By Leah Asmelash, CNN
(CNN) — A New Jersey family at a campground in Canada’s Banff National Park was attacked by a wolf that they said tried to drag the father out of their tent.
The family was in the Rampart Creek Campground — along Highway 93 a 160-mile drive from Calgary — when the incident occurred around 1 a.m. Friday, according to a report by the federal agency Parks Canada.
Elisa wrote that her husband, Matthew, threw himself in front of her and their two boys while the wolf tore through the tent and clamped onto Matthew’s arms.
“I don’t think I’ll ever be able to properly describe the terror,” she wrote.
The wolf was starting to drag Matthew away when a neighboring camper, Russ Fee, heard the family’s screams and jumped in to help.
“The screams were so intense that I knew it was obviously a terrible situation,” Fee told CNN affiliate CBC. “So I just kind of kept running at [the wolf], and I just kicked it sort of in the back hip area.”
Fee said he immediately regretted kicking the wolf, because he was afraid it would attack him next, but it did make the animal release Matthew. As the wolf jumped out of the tent, Matthew followed it, and he and Fee started screaming and throwing rocks at it.
Meanwhile, Elisa and the two boys ran toward Fee’s minivan.
The Rispolis eventually made it to a nearby hospital, where Matthew’s wounds were treated. Elisa wrote that he had puncture wounds and lacerations on his hands, but he’s doing fine. Matthew was the only one who was injured in the attack.
“It could have been so, so much worse, and we are just feeling so thankful that we are all still sitting here as a complete family,” she wrote.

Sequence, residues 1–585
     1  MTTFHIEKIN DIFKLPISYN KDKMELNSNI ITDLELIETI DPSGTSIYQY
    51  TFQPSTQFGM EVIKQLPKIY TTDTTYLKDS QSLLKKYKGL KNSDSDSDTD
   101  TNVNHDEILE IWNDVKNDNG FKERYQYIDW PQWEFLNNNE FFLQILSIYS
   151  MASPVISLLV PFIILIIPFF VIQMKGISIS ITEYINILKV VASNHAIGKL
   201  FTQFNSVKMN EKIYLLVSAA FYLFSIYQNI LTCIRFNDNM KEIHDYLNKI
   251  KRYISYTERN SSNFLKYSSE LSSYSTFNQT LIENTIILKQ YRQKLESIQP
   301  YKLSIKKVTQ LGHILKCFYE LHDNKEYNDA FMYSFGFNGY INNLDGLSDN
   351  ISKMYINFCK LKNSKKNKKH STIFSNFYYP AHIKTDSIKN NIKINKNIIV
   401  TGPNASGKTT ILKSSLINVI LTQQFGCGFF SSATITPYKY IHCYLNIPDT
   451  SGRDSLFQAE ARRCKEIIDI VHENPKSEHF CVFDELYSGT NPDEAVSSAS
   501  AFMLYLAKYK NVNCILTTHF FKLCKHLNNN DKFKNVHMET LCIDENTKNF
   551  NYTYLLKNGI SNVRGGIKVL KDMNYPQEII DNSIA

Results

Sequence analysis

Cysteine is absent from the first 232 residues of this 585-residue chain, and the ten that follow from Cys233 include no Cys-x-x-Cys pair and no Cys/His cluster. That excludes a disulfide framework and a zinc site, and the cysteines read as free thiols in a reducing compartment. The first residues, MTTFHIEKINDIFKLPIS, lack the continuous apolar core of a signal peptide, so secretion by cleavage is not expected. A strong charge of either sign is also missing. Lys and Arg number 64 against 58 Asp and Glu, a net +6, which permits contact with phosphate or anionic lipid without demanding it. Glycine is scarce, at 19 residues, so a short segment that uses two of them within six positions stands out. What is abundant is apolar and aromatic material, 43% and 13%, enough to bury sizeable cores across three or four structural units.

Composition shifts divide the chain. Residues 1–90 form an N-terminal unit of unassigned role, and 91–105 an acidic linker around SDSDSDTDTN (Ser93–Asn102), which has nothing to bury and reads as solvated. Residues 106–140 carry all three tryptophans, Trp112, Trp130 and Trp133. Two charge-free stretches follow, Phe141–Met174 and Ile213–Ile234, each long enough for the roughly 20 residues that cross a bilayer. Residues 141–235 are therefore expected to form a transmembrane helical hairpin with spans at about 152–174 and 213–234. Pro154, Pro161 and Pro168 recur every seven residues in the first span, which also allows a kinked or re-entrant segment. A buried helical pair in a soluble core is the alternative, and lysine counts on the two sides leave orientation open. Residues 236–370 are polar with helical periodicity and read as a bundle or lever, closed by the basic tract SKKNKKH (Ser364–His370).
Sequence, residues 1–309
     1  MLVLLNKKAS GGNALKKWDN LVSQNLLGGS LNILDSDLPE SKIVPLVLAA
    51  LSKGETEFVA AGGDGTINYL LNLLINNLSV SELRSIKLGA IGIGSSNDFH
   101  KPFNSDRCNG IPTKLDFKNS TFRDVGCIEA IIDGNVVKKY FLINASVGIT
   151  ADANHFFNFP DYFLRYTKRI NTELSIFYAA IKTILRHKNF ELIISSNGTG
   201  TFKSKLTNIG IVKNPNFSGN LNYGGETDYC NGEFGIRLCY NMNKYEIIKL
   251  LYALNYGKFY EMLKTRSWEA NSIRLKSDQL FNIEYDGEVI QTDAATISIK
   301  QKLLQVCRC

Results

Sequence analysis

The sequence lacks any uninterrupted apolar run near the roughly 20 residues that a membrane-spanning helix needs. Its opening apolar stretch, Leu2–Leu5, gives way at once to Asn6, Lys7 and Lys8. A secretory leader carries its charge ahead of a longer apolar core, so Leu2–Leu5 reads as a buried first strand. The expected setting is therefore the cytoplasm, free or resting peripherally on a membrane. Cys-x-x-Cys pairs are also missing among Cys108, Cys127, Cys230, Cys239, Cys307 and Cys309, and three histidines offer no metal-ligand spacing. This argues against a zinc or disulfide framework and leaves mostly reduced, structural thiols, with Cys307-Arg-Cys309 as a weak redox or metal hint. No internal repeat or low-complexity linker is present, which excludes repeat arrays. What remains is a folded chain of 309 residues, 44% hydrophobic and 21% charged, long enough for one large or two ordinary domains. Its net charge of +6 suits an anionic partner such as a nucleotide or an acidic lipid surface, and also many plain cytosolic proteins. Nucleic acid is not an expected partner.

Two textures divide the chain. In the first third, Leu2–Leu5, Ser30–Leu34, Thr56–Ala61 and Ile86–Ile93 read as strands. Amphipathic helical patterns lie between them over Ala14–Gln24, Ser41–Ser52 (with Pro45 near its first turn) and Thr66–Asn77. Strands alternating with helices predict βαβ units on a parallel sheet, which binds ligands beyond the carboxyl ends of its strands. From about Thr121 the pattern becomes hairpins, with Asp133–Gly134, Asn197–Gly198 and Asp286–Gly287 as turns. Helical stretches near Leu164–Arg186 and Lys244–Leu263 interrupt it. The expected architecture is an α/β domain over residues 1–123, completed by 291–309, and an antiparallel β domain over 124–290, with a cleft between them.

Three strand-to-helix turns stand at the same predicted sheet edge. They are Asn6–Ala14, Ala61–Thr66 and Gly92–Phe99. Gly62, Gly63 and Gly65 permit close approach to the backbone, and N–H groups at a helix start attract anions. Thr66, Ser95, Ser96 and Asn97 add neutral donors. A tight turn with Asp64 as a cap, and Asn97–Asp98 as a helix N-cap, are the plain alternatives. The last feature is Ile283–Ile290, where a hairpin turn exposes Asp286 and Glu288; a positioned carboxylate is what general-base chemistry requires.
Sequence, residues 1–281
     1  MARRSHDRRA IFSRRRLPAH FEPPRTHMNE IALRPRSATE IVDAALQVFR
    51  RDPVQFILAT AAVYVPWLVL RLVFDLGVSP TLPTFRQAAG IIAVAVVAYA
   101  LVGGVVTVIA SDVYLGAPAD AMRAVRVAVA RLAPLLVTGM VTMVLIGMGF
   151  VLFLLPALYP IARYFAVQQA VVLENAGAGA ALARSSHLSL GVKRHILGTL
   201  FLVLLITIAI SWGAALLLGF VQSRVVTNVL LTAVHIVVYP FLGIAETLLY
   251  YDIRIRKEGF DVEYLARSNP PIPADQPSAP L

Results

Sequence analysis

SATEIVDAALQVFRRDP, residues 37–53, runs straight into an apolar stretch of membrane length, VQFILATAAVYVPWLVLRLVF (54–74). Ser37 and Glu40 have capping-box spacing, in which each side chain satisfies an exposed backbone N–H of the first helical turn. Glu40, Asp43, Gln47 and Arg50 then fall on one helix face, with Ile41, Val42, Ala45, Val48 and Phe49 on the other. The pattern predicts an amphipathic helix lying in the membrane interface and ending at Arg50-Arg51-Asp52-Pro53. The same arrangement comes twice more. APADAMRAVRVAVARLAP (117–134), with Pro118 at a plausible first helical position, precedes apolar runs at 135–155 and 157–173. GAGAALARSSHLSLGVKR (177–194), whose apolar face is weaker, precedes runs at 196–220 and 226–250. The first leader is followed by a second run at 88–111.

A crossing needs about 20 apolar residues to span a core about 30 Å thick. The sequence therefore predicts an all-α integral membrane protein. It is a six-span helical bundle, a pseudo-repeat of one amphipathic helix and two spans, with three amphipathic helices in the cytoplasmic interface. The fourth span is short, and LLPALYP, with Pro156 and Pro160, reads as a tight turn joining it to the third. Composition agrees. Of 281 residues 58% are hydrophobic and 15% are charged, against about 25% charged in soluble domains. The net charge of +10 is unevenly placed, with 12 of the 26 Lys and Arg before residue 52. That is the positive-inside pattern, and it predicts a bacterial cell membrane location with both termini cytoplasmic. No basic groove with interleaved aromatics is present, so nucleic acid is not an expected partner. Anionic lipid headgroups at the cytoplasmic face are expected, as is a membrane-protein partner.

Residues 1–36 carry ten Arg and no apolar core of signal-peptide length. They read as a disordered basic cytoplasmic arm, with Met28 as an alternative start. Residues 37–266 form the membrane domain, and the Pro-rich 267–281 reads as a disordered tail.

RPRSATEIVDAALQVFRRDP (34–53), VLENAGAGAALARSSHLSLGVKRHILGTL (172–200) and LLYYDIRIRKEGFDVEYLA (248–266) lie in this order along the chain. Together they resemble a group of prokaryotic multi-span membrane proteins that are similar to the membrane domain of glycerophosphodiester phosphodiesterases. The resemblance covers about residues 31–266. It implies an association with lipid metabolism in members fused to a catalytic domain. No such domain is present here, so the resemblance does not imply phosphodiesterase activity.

Elisa Rispoli didn’t respond to a request for further comment.
Incidents like these are extremely rare. This is the first reported wolf attack on humans at a national site, according to Parks Canada, though there have been attacks in provincial parks: one in British Columbia and one in Ontario.
Lesley Matheson, a spokeswoman for Parks Canada, said that no significant wildlife attractants or food were found inside or in the immediate vicinity of the tent.
The campground was closed for a few days while Parks Canada investigated the incident. It reopened Monday after park staff tracked and killed the animal, verifying that it was the right one through DNA testing.
It’s unclear why the wolf was attracted to this family, Matheson said. Veterinary tests confirmed that the wolf was in “poor condition” and nearing the end of its life, which was probably a contributing factor in its behavior, Parks Canada said.
Though Fee told the CBC that the animal was “so much larger than any dog I’ve ever seen,” Matheson said the wolf was underweight for its age, 78 pounds compared with the usual 100- to 150-pound range. Tests for rabies came back negative.